In short, customers who like the GT 86 as it is must be piston, young -at least in spirit-, not having to frequently transport more than one friend, not having too many space needs, they must have enough money, and also not be too conditioned by the "marquitis"... Do you know many who meet these conditions?


Another detail to take into account is that the target audience for this type of car does not have the same purchasing power as in recent times, and tends to buy cars with a higher practicality.

For the GT 86 to have had the desired success among young people, it would have had to be much cheaper - the MX5 for example has much more accessible entry-level versions - I know, it's difficult, but 30,000 euros is a lot of money. And besides, there are many young people who think that 200 hp is not enough, and that for a car to be cool, it has to have been made in a certain Central European country that no longer makes cars of this type... A basic version would have less power, nothing crazy just 10 years ago, before the dictatorship of turbos.

Personally, I think it would have been much wiser to opt for a more elegant and classic aesthetic, a design focused on the more mature pistonudos, -which after all, are those who can spend 30,000 euros on a 2+2 sports car-. I know what I'm talking about because I know the MX-5 clientele well, a clientele that although a little less racing, in many aspects coincides with the potential clientele of the GT 86. My experience tells me that the new generation of the MX-5 -with a much more aggressive and expressive design than the previous generations-, Mazda has managed to capture a much younger clientele, while the mature ones prefer the more classic and discreet design of the previous generations of the Japanese roadster.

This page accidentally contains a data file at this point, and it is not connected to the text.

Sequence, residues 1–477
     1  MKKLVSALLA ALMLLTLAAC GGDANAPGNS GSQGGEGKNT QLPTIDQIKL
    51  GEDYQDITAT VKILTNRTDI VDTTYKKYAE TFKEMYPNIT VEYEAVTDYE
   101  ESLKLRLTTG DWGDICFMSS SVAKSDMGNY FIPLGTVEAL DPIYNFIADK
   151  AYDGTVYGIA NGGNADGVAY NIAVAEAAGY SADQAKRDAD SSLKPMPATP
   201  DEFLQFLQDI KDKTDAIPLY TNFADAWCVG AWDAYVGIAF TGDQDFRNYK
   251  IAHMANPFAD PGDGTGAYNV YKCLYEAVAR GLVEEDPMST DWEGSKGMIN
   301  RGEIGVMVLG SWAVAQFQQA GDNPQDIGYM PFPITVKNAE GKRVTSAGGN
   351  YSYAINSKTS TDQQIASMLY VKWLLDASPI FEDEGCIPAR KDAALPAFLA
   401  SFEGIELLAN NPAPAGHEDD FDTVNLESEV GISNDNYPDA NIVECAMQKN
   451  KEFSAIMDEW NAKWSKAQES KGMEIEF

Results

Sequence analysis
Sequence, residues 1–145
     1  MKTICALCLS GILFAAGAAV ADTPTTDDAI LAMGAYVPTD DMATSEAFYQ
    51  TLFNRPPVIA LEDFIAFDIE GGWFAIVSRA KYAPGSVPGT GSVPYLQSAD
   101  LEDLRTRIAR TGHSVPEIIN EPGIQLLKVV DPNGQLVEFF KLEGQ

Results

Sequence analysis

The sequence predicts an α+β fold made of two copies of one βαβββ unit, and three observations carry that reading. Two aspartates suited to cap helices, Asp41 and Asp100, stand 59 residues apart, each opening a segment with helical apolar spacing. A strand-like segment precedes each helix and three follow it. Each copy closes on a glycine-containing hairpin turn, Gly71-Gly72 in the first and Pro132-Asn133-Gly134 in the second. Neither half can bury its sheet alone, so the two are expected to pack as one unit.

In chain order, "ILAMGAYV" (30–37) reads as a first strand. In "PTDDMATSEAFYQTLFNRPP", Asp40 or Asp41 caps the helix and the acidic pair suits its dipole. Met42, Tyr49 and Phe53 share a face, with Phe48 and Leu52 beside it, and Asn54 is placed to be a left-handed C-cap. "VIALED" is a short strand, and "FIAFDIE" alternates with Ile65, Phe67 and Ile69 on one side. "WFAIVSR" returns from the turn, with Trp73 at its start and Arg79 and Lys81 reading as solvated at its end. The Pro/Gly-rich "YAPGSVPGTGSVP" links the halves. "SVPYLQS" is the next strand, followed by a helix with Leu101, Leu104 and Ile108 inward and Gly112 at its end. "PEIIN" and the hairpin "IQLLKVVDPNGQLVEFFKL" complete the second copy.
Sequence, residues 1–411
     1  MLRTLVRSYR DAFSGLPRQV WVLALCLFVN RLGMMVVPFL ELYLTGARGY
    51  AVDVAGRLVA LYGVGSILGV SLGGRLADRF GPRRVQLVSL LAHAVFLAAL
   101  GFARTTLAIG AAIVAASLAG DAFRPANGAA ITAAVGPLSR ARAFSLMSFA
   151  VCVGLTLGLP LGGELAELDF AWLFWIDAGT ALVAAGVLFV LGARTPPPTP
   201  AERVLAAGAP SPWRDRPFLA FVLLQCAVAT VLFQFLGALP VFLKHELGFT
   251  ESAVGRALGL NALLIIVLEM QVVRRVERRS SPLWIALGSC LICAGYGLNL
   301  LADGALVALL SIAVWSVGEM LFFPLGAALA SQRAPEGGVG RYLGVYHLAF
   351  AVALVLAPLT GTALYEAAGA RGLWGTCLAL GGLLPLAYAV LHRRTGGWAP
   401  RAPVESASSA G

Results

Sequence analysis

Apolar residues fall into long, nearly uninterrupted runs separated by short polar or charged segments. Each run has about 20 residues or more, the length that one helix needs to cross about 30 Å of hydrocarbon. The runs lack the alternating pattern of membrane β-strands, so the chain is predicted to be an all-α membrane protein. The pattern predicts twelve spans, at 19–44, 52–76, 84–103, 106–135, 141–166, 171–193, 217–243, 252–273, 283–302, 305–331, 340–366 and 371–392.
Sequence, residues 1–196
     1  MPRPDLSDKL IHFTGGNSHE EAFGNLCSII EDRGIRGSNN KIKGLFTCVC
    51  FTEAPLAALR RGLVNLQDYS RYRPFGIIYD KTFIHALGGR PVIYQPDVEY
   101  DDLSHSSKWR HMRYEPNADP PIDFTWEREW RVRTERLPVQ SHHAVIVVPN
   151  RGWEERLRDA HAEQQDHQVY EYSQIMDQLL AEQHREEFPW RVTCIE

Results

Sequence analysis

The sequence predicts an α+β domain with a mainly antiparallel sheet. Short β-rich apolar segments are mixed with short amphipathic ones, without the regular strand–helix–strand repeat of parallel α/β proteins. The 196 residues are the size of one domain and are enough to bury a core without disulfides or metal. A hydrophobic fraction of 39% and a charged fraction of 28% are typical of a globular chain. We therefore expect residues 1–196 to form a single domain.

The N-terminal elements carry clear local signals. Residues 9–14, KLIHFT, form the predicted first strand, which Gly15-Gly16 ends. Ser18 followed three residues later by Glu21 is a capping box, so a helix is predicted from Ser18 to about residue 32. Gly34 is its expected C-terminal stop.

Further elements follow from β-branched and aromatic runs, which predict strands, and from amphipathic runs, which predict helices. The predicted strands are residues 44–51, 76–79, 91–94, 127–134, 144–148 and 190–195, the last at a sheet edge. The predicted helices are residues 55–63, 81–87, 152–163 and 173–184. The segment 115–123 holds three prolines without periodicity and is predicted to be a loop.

That's why I think the big mistake of the GT 86 is its aesthetics, too focused on the young customer. It's not that it doesn't have a good design -which the restyling has spoiled a bit-, on the contrary, the original GT 86 was a really attractive car, with very interesting shapes at the front and a very successful silhouette and proportions, it's just that its design was too focused on aggressiveness and expressiveness.

In my opinion, the GT 86 should have opted for a more relaxed and classic style, I think this way they would have reached a more mature audience -and therefore, with greater purchasing power-, and I do not think that a cleaner and classic design would have subtracted sales among young people, because the young pistonudos also like the classic and well-proportioned designs. And to illustrate my idea, I've taken the liberty of making a quick sketch of my GT 86 idea, with proportions that would fit the GT 86 packaging, and -I don't deny it- very much inspired by the beautiful 2000GT.



What do you think, would it have been better for the GT86 to have a cleaner, more classic design?